Turning a £10k ISA into a stunning £67,768 a year second income

Investing just in FTSE 100 and FTSE 250 shares can be a great way to build a substantial second income. Here’s one top stock to consider today.

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The Stocks and Shares ISA is a brilliant financial product. It allows Brits to invest up to £20,000 every year, which can eventually provide an excellent second income in retirement.

The truth is, however, that very few of us use all of our £20k annual allowance. Just 7% of us, in fact, according to HM Revenue and Customs.

But that’s okay. Even those who can only use half of their yearly allocation can build a significant second income with one of these tax-efficient products.

Please note that tax treatment depends on the individual circumstances of each client and may be subject to change in future. The content in this article is provided for information purposes only. It is not intended to be, neither does it constitute, any form of tax advice. Readers are responsible for carrying out their own due diligence and for obtaining professional advice before making any investment decisions.

Compound returns

This is thanks to two factors: the miracle of compound gains, and the strong long-term performance of UK shares.

Compounding is the concept of earning extra money on the money I’ve made. In terms of stock investing, it involves reinvesting any dividends I receive to buy more shares.

More shares means more dividend income, which, when reinvested, allows me to buy additional shares. This cycle continues, and over time, it can lead to substantial wealth growth.

As I say, though, this is only one part of the equation. The other thing I need to do is to invest in shares that provide a strong annual return.

Buying the big boys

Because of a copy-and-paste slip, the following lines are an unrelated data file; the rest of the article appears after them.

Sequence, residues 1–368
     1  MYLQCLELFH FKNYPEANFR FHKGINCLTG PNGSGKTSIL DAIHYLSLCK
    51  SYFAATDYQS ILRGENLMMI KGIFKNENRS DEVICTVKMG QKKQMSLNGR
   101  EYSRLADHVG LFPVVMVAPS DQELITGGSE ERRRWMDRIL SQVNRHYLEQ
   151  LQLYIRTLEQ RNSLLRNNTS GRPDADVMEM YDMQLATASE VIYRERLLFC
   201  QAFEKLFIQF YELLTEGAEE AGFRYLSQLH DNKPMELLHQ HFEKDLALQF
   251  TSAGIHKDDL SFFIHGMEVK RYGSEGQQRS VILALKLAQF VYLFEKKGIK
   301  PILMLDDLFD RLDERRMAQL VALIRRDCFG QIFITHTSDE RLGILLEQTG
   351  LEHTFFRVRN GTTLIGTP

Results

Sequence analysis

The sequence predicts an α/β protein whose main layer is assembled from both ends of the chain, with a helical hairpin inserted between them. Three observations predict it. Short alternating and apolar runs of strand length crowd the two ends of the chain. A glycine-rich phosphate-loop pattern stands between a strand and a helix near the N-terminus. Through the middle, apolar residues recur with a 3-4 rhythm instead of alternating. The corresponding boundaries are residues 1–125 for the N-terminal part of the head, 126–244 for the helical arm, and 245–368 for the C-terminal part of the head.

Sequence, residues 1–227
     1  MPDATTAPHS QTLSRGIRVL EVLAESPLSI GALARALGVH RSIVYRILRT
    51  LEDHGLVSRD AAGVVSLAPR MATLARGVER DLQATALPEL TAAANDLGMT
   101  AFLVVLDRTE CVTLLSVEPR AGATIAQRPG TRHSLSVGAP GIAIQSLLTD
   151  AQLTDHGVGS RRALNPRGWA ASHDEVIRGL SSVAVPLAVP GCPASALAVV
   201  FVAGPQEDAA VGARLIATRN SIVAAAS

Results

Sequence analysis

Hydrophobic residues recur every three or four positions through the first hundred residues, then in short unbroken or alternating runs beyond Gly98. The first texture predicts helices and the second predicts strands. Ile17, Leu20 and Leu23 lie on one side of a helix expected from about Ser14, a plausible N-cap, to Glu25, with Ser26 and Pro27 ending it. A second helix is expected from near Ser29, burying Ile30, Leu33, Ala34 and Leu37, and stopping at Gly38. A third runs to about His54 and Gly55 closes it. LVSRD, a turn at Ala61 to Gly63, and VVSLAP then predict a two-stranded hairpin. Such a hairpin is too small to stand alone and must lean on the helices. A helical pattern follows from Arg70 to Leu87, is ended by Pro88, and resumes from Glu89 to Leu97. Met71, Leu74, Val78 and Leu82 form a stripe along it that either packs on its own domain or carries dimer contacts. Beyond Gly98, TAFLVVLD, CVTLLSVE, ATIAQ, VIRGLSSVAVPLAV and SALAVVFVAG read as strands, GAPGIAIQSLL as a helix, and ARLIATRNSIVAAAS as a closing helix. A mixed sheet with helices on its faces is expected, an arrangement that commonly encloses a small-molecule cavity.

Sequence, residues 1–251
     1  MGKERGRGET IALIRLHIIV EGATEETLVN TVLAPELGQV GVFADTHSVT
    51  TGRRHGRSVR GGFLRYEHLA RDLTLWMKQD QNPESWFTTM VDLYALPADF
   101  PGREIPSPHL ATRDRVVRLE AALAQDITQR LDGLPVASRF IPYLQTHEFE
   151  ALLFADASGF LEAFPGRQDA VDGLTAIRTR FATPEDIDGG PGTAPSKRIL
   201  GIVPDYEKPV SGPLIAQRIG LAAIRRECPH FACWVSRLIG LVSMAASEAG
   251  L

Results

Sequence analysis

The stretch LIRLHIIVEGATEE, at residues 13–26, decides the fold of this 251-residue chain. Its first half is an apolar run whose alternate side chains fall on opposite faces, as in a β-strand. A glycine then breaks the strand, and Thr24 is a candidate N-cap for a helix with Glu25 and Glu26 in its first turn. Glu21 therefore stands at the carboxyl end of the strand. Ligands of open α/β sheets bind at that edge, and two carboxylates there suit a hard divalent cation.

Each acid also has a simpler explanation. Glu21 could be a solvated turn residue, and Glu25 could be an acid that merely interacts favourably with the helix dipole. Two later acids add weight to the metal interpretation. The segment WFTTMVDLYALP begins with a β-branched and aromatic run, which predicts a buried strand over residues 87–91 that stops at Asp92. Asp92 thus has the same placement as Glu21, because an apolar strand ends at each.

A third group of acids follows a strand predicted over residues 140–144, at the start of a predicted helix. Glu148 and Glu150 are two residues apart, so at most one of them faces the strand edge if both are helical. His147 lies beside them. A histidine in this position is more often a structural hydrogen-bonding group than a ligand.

So what instruments should I buy? Past performance is no guarantee of future returns. But the brilliant profits delivered by the FTSE 100 and FTSE 250 in recent decades makes them very attractive investments in my book.

The Footsie has delivered an average annual return of 8% over the long term. The FTSE 250, meanwhile, has yielded an even-better 11%.

I wouldn’t just choose FTSE 250 shares (or a index tracker fund) solely because of its superior returns. By also investing in Footsie stocks, I have a wider pool of stocks to choose from, which helps me manage risk.

The FTSE 100 is also less volatile, allowing for smoother returns across the economic cycle.

A top stock

Mega miner and commodities trader Glencore (LSE:GLEN) is one share I think investors should consider today.

The FTSE 100 firm sells and deals in multiple commodities like copper, cobalt, nickel, and aluminium. This means it provides investors with exposure to various hot growth trends including rapid urbanisation, increased digitalisation (and AI adoption), and rising renewable energy capacity.

With a strong balance sheet, it has the scope to invest heavily for growth and to continue paying dividends, too. Net debt to EBITDA was just 0.3 times in December.

One downside is that Glencore is also a significant coal producer. This could see it shunned by a growing number of investors on ESG concerns. Just today (26 June), Legal & General said it would remove the stock from several of its funds.

But on balance, I believe the potential benefits of owning Glencore shares outweigh the risks. And as part of a broader portfolio, it could help me enjoy excellent long-term returns.

A big second income

If we use past returns, a £10k investment — split over 12 months, and divided equally between FTSE 100 and FTSE 250 shares — could grow to an ISA worth a substantial £1,694,189. Again, I note that past performance is no guarantee of future returns — this is just to illustrate an example.

This could then provide a second income of £67,768, presuming I withdraw 4% of my pot each year.

Should you invest, the value of your investment may rise or fall and your capital is at risk. Before investing, your individual circumstances should be assessed. Consider taking independent financial advice.

Royston Wild has positions in Legal & General Group Plc. The Motley Fool UK has no position in any of the shares mentioned. Views expressed on the companies mentioned in this article are those of the writer and therefore may differ from the official recommendations we make in our subscription services such as Share Advisor, Hidden Winners and Pro. Here at The Motley Fool we believe that considering a diverse range of insights makes us better investors.

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